Machine Learning in Healthcare

Nowadays, machine learning (which is a part of the whole artificial intelligence science) plays one of the biggest roles in many areas of our life – including healthcare. This may include different health-related aspects like the development of new medical procedures, dealing with patient data, and predicting outcomes of the treatment of diseases.

However, when it comes to predicting the outcome of surgeries and other medical treatments, the effectiveness of machine learning methods is only somewhat known, at least in terms of predicting the outcome using data collected from human doctors and other doctors.

Prediction of Disease Outcomes

Now, in a study in the Journal of the American Medical Association (JAMA) on July 12th, 2015, researchers from the University of Rochester Medical Center and the University of Illinois are reporting that machine learning may allow human doctors to make relatively accurate predictions of disease outcomes.

The researchers, led by Prof. Paul Nierenberg, have developed an algorithm that uses a collection of data, including patient data, to predict the disease and complication outcomes in surgery and other medical procedures by matching information from patients’ medical records with information from computer programs that calculate likelihoods of the outcome.

Prediction of Surgeries Outcomes

This information can then be used in pre-surgery analyses to anticipate the likely outcomes of a certain procedure.

“The current generation of diagnostic and surgical procedures is a combination of computerized simulation of the whole procedure and the patient’s medical history,” explains Dr. Brian Meech, senior author on the study and director of the Center for Medical Information at the University of Rochester Medical Center. “Unfortunately, the computer models only simulate risk-benefit analysis in a relatively small fraction of surgical procedures, often less than one percent.”

The study’s method of analysis had implications beyond just the potential effects of the procedure on the recipient’s medical condition. By comparing the risk of adverse events across surgical procedures for people of all ages, it was hypothesized that a greater number of procedures would have been performed prior to diagnosis and therefore in a different age range, making them less risky for adverse outcomes.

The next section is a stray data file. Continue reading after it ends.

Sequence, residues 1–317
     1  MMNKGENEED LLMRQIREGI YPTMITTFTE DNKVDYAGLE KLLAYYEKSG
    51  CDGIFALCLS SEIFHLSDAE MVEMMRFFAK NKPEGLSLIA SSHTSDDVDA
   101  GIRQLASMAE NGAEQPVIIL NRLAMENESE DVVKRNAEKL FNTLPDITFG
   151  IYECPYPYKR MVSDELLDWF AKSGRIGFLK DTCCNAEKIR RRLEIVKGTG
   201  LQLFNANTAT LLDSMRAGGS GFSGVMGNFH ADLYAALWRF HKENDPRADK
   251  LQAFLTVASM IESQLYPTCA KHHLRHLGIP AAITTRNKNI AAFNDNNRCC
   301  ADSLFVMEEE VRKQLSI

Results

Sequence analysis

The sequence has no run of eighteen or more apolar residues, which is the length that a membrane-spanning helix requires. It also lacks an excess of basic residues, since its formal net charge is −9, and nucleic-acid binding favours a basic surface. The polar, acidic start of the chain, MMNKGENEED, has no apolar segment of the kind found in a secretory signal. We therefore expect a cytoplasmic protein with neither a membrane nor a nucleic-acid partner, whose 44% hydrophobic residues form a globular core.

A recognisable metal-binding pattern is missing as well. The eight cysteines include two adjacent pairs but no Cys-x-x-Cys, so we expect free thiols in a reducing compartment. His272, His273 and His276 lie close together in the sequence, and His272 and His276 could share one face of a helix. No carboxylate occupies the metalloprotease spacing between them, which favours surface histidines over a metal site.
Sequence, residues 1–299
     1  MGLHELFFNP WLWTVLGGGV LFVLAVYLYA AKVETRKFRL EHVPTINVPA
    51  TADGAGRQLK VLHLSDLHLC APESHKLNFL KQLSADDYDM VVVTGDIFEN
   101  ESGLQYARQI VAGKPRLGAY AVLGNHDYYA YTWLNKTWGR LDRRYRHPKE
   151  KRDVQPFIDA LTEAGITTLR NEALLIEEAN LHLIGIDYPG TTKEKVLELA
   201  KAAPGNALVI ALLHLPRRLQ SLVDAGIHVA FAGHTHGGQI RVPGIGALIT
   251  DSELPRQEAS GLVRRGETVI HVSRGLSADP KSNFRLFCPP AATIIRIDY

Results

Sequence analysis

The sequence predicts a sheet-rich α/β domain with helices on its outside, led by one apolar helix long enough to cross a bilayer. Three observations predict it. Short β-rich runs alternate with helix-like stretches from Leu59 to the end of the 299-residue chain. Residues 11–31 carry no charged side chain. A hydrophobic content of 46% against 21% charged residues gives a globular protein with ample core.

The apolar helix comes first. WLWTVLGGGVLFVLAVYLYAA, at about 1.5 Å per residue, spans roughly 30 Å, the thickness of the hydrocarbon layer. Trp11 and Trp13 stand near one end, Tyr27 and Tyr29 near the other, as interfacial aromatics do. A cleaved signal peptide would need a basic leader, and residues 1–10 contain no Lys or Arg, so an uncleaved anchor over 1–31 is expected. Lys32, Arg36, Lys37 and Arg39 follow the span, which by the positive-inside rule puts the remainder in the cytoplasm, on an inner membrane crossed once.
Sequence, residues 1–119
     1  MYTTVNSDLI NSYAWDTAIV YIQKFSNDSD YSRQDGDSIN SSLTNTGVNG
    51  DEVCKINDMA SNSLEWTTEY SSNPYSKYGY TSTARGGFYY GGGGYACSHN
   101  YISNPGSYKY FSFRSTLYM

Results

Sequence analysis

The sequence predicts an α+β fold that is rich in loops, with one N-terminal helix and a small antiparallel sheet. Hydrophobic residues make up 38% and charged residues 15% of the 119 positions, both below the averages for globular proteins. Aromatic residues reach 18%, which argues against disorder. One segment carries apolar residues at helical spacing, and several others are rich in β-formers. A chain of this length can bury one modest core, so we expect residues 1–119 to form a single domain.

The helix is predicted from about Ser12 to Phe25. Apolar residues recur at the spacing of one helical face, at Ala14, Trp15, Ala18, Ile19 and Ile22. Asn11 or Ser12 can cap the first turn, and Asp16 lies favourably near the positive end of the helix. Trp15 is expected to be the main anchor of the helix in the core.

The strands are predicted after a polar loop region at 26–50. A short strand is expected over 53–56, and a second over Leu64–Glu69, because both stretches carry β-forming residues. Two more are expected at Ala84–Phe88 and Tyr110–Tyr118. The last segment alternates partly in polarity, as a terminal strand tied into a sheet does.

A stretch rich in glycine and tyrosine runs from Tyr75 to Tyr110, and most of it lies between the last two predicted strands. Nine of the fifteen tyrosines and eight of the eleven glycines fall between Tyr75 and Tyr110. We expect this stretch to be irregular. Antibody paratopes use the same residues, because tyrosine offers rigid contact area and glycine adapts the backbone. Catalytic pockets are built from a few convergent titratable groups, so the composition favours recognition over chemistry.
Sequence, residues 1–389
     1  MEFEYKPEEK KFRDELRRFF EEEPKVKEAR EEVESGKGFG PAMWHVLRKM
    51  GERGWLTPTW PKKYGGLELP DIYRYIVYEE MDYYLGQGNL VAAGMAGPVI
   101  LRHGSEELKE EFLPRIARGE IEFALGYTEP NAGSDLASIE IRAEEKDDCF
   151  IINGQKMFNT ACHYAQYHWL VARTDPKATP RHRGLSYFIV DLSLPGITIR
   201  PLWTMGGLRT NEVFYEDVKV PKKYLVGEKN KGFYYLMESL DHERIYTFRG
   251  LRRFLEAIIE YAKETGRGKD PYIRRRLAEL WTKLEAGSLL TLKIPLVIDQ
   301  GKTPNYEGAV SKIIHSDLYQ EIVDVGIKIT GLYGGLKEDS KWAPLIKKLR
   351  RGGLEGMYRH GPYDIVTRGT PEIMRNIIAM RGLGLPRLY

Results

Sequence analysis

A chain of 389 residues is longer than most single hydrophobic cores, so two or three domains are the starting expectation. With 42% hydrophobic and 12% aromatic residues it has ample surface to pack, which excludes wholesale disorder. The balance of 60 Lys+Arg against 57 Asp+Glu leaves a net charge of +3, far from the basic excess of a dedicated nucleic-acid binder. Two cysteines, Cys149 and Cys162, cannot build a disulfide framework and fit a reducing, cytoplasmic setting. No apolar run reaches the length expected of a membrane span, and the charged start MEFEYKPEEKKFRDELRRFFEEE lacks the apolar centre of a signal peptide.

The new research analyzed the data from over 6,000 operations over the course of a 40-year period in the USA, the second largest population where such data were available.

Development of New Medications

The use of machine learning in preliminary (early-stage) drug discovery has the potential for various uses, from initial screening of drug compounds to predicted success rate based on biological factors.

It can potentially help predict drug efficacy and safety (which is one of the main goals of the development of new medications), as well as provide information about new ingredients that are potentially developing into new medications.

This new approach to the development of new medications is important because current approaches rely on the assumption that each compound has a specific, well-studied target, which limits the development of new medications to small groups of compounds. Also, the assumption has been that the “best” compound is the first one to reach clinical trials.

This means that many compounds that might do no harm, might have just a weak effect, or might prove harmful at high doses can get FDA approval, even though these compounds cannot be reliably studied as they may be more harmful with increasing dose.

Data Mining

Data mining is an increasingly important field of study in public health. By performing a variety of tasks, such as machine learning in search, data mining takes a wide variety of forms: applying a model based on data to extract meaning from a data set, extracting relevant variables from a data set, and then evaluating a model on these variables.

Data mining is a highly complex and interdisciplinary field of study that may range from basic data analysis to data mining and data interpretation.

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